Sure, he comes to make a home in us with His father, and the spirit. But we also are to abide in Him, as he abides in the father, and specifically the father’s bosom (breast.) See 1 John. Awesome stuff. I hope i do have a mansion in heaven, maybe i do. But Jesus was defo not talking about that in John 14. John 14-17 is all about Jesus fulfiing tabernacles, and us abiding in the house of God (HIMSELF.)

    Lots of implications for the 3rd temple in Jerusalem – which i do not believe in either.


    • Mel Wild says:

      Amen. The last man-made temple God will ever dwell in was destroyed in 70 AD. And didn’t we get the memo from Stephen? (quoting Isaiah in Acts 7:46-50) Heaven is God’s throne and earth is His footstool, who will build a house for Him, and where is the place of His rest? He will no longer dwell in houses made with hands. But Jesus came as the prototype (Col.1:15)–the first true Temple, the House of God and place of His rest. The “Bethel,” the gate of heaven that Jacob saw (Gen.28:17). He came as the conduit between heaven and earth (John 1:51; 3:13), and now WE are His house, His Temple, living from heaven to earth (1 Cor.3:16; Heb.3:6)!
      So, it’s absurd to think that God is going to go back to types and shadows, building temples and slaughtering bulls. Jesus seems to think He fulfilled that requirement. He seems to think we’re under the NEW and better Covenant, made on better promises (Heb.8:6). We need to upgrade our thinking to the New Covenant. WE are now God’s Temple! And our mansion is in Him.
      Thanks for your comments. Always appreciated. Blessings.

  2. marklhen says:

    Reblogged this on marklhen and commented:
    Mel is one of many great voices who herald a refreshing take on many of our classic verses… revealing that they indeed apply NOW… thus removing the ‘distance and delay from God’ that pervades much of our traditional religious views. Read and enjoy the NOW God!

  3. Thanks Pastor Mel, I have been pondering on this mansion tradition for awhile. You have answered this question in a very simple yet profound way. Peace and love!!

  4. Reblogged this on HOPE UNVEILED and commented:
    Awesome write-up that answers the traditional evangelical belief of a mansion in heaven. A must read for every child of the Kiing!!

  5. I’ve come to the same conclusion. After all, Jesus is all about community, and how could a huge palace for me to knock around in all by myself be conducive to unity? My wondering led me to consider that perhaps the new “abode” that Jesus spoke of is my permanent resurrected body – as opposed to the earthly “tent” in which I currently dwell.

    If so, I’m sure Jesus got a good giggle out of my mental exercises after my mom moved to heaven. I spent a lot of time thinking about eternity and what life will look like a million years from today. (Very exciting exercise, I might add!) Then my thoughts shifted to the “mansion” He is preparing for me.

    Spending money on earthly “stuff” gave way to donating it to further the kingdom and asking for the “real deal” in my permanent home. In addition, i ordered moss instead of carpet, and vines instead of walls…no windows that would need to be washed, and a “rock” band in the yard (everything in the universe resonates. It would be nice to have the accompaniment when I sing!).When I try to imagine what this might look like on a body…eek! I cancelled my order!!!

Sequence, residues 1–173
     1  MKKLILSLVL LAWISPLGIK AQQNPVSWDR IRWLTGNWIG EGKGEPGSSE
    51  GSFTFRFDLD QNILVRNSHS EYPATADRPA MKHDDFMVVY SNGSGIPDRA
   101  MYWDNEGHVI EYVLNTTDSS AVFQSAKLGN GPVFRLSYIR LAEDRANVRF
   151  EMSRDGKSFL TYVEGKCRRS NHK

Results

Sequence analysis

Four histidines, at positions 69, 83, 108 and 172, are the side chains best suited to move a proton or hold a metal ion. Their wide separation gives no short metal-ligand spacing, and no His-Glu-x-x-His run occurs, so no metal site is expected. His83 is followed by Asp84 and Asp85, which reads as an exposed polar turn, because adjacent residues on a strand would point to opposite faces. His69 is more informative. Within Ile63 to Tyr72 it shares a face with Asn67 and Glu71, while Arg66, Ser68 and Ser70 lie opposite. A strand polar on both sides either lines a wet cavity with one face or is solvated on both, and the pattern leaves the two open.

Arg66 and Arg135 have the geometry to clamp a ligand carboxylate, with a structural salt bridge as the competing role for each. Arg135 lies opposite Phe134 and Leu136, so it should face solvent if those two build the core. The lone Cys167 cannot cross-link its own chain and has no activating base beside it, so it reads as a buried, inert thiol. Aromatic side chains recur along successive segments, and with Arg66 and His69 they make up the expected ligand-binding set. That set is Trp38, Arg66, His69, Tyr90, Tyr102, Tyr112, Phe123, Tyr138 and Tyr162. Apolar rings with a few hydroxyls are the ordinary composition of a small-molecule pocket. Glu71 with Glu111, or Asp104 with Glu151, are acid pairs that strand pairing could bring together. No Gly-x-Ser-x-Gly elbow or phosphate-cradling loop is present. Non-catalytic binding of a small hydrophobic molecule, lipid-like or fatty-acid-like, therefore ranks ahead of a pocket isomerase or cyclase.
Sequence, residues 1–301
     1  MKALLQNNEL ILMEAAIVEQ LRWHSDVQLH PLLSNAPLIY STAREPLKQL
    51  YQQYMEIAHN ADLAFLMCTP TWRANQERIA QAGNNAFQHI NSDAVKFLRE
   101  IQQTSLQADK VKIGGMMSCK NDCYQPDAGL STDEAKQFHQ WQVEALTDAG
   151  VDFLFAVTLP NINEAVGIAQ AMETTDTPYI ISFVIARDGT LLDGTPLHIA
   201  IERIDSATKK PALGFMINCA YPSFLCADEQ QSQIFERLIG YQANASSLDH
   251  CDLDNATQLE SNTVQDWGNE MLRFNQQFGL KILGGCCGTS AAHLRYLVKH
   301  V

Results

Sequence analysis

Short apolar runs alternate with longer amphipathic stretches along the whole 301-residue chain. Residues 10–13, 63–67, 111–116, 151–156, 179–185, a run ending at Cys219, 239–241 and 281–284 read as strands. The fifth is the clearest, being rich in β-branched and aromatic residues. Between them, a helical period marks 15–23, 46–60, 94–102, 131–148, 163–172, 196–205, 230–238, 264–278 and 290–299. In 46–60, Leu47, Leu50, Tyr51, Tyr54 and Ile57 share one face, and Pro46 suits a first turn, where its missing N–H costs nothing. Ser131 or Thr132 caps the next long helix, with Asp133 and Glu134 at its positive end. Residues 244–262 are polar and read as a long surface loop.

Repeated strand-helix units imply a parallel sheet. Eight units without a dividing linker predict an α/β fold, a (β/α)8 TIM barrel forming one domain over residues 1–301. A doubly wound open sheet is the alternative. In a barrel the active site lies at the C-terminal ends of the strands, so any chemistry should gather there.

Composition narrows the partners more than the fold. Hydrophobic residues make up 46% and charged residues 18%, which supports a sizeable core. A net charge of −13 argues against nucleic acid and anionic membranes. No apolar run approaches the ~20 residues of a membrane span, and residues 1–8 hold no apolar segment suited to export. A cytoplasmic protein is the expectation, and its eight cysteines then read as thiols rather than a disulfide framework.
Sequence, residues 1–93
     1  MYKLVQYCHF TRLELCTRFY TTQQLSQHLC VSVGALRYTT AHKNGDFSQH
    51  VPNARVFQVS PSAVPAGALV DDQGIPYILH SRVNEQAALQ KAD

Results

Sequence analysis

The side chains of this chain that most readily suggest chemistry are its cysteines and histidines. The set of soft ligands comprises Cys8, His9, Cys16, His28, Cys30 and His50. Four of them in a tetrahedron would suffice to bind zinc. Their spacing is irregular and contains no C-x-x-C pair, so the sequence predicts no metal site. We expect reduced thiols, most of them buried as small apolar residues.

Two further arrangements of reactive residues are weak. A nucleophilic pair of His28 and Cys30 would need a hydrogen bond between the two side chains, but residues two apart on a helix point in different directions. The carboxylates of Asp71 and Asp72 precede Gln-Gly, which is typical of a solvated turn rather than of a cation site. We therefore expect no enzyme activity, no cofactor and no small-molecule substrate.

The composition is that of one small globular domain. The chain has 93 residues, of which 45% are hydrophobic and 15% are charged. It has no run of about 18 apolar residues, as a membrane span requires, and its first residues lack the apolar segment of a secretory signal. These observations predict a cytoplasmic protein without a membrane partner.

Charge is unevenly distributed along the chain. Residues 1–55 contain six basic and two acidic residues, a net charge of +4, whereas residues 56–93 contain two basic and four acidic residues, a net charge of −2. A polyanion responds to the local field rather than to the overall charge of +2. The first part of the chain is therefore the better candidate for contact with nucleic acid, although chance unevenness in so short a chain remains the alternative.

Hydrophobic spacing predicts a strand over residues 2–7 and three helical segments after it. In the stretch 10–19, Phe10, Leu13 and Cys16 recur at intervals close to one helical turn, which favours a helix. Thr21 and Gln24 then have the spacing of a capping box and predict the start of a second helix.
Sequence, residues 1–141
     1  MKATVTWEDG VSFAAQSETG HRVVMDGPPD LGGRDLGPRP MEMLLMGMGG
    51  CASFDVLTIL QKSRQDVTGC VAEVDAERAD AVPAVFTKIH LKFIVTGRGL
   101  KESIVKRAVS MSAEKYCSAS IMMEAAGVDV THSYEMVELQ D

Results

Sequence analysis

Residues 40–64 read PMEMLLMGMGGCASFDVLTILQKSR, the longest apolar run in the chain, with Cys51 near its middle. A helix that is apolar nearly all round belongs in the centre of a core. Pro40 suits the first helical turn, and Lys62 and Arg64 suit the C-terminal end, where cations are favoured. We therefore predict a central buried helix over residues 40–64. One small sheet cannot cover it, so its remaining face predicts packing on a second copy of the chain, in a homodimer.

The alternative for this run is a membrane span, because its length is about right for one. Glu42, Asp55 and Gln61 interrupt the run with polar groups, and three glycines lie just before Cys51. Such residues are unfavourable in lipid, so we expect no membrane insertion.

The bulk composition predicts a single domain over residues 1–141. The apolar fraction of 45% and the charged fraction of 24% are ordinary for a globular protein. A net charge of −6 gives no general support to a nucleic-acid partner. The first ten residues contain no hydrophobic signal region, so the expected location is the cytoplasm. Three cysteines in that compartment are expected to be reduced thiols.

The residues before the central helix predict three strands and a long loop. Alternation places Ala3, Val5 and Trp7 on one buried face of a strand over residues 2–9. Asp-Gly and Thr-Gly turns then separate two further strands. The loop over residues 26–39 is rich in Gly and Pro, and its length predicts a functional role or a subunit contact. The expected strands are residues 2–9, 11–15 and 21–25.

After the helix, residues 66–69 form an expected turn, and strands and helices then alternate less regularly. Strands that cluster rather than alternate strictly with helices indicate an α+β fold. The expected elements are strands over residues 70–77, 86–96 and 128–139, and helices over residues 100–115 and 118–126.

Great post!


    • Mel Wild says:

      LOL! Yes, that probably wouldn’t look good on you. The absolute best thing about this abode is that it only gets better. We have a “mansion” NOW, in this mortal tent, and we abide with Him now. But, then, even greater glory with our glorified resurrected body! Hallelujah!

      And you make an important point here about relationship. God didn’t save us and send the Holy Spirit so we could live isolated in cavernous mansions. He wants intimacy and unity–one BIG family! He came as us so that He could be with us forever. So that we could be IN Him. You can’t get any more intimate than that!

      Thanks for your insights and comments. Always appreciated. Have a very blessed Resurrection weekend.

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  9. Justin Henderson says:

    Right on Mel. Just got revelation that our bodies are the temple/tabernacle of God. Same layout as is given in scripture. Everything represents a part of our makeup in the image of our Creator. Don’t know if you know anything of this and don’t have time to go into it, but it has a been a tremendous help to me. He’s coming in glory someday yes, but He’s already come in glory of justification to our temple, and is longing to take all just men on to the glorified experience of the restored tabernacle of David in this life, not the next. Peace to you!

    • Mel Wild says:

      Amen, Justin. WE are the Temple not made with hands. We are God’s throne in heaven touching earth through our mortal bodies–God’s house, His holy habitation. And what you said about image is key. Jesus was in the Father from eternity, This divine fellowship is what He was talking about in John 17:24. This fellowship God has had within Himself (Father, Son and Spirit), we have been invited into through Christ (1 John 1:3-4). We are not only made in His image but we’re in relationship in His image also. To me, this is the whole point of salvation–not just heaven when you die! We really need to get this and live there.
      Thanks for your comments. Much appreciated. Blessings.

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  13. Joseph kuzara says: